The only reason I ask is that on today's WSJ opinion page, Caddell and Schoen write a piece announcing how unseemly and disturbing it is that liberals have been criticizing pollster Scott Rasmussen. (You don't say.) For Caddell and Schoen, the polling criticism indicates a "disturbing attitude toward dissent" and is akin to "intimidation."
In other words, it's all very bad and liberals should stop [emphasis added]:
As pollsters for two Democratic presidents who served before Barack Obama, we view this unprecedented attempt to silence the media and to attack the credibility of unpopular polling as chilling to the free exercise of democracy.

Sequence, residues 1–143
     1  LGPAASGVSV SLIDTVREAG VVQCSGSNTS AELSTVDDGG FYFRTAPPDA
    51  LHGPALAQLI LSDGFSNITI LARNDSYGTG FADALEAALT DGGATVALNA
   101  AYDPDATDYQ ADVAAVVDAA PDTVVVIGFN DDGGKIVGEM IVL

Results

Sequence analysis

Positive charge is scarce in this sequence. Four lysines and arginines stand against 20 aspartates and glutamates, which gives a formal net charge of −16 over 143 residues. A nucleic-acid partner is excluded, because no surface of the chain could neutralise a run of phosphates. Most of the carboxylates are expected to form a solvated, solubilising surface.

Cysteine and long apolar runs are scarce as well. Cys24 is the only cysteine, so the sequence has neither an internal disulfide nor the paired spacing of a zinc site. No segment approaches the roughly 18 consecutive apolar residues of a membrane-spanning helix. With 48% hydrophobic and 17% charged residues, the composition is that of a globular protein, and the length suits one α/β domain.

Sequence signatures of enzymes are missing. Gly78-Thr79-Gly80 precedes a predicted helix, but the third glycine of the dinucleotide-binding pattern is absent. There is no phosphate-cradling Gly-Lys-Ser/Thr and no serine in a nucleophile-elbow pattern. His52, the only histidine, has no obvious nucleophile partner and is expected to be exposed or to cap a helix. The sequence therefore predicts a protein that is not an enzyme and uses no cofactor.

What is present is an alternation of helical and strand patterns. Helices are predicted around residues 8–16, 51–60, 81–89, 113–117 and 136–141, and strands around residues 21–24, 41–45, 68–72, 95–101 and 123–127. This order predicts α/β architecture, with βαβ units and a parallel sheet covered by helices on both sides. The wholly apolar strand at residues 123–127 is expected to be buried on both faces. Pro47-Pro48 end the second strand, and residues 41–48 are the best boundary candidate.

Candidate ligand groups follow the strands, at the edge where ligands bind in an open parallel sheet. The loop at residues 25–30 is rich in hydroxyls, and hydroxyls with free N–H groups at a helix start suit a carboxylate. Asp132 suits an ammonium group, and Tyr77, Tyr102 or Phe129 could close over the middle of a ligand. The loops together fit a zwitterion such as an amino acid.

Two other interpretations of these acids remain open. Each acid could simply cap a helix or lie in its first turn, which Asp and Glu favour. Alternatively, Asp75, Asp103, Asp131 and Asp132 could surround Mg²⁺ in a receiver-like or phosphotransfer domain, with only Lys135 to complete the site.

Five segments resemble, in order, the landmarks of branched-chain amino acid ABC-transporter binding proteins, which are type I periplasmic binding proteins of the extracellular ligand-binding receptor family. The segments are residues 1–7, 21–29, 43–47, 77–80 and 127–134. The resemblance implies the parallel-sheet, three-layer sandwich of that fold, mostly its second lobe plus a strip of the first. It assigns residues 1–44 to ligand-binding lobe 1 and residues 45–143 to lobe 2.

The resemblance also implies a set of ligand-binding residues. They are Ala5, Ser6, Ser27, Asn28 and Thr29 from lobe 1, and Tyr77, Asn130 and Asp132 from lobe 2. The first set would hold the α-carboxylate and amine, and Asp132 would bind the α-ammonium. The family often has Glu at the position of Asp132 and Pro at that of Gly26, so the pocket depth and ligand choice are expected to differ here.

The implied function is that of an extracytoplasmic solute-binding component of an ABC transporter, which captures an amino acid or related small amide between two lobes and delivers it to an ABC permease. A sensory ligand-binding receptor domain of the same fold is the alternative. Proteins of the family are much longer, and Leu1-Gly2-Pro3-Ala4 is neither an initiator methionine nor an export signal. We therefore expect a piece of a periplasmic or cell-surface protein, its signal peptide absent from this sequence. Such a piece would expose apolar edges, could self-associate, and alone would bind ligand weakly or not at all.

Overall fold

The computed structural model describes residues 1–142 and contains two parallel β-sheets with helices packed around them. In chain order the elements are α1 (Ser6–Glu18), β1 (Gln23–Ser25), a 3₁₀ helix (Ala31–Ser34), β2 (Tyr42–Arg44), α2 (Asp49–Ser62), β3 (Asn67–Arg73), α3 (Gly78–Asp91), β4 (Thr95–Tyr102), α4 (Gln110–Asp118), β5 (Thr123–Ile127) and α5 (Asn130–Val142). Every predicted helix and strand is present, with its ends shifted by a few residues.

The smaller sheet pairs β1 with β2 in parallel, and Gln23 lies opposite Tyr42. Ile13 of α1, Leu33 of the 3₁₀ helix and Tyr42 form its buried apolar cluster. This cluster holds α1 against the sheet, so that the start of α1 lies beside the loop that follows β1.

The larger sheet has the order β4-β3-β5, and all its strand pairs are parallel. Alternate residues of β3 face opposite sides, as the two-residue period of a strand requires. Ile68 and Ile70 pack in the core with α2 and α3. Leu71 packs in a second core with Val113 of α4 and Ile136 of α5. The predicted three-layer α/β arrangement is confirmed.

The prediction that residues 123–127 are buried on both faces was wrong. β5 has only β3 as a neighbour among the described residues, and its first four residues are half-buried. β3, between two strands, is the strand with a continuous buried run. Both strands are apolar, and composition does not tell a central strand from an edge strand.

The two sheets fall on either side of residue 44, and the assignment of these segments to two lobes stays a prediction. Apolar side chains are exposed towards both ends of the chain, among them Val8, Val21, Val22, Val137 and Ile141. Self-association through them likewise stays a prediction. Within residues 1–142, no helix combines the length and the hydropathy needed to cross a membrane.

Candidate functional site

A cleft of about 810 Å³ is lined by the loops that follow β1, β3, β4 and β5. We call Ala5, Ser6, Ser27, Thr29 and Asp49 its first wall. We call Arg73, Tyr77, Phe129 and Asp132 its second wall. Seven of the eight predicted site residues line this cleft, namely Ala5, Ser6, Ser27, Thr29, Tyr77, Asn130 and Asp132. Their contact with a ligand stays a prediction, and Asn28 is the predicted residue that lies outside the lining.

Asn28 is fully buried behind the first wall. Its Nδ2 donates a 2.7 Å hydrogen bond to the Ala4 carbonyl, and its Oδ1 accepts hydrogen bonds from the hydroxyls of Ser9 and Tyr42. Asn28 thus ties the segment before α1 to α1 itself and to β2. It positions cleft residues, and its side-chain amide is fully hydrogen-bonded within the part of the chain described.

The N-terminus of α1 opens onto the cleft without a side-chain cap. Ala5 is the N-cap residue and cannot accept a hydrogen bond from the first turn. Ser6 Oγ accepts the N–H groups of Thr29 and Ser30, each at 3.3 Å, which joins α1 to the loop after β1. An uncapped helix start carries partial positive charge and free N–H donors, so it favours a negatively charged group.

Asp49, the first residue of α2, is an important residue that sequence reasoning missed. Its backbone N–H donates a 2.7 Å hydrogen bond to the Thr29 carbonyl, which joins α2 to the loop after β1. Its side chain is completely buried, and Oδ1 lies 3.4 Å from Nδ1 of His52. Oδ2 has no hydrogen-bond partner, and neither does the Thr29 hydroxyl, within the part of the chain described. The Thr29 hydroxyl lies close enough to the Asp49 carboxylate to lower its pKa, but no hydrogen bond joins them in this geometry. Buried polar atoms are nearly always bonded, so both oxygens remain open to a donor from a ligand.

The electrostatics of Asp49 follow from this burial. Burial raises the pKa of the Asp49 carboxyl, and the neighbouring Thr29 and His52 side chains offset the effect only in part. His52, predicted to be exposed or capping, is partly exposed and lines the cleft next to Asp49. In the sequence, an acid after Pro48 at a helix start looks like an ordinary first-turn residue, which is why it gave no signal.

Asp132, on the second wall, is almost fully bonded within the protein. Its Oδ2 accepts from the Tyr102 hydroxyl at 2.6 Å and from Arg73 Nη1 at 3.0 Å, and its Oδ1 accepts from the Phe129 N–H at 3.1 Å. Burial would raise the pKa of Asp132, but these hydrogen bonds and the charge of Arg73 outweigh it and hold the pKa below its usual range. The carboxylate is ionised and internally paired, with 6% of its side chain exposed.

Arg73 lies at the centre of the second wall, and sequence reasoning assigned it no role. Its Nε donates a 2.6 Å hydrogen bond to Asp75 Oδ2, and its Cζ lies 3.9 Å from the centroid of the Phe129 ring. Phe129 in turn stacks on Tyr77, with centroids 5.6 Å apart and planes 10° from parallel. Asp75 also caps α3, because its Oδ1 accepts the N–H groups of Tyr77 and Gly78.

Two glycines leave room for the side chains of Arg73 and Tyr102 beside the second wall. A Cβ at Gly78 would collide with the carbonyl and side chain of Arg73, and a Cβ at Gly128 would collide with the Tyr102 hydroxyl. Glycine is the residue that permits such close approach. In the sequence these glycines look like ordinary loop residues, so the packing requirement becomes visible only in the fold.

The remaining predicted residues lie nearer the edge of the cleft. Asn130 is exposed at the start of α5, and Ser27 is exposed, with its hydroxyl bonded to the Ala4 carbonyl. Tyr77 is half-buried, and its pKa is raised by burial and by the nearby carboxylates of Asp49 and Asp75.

"Unprecedented"? Oh brother.
So again I'll ask, did Pat Caddell and Douglas Schoen slumber through the Bush years, because what they may have missed was the fact that right-wing bloggers and activists routinely and emphatically attacked polls that they didn't like; they demeaned and insulted pollsters for producing "bias" and "skewed" results if those results were not sufficiently pro-Bush.
Right-wing poll bashing was an epidemic, but I don't remember hearing boo from Caddell or Schoen. Plus, the right-wing attacks were often wildly dishonest and factually inaccurate, unlike most of the criticism being leveled at Rasmussen today.
There's nothing wrong with Caddell and Schoen sticking up for their polling pals. But why didn't they do it during the Bush years?
As this Media Matters research item indicates, Fox News has been much less interested in covering the Haiti earthquake as compared to the cabler's competitors. This doesn't really surprise me, and for two reasons.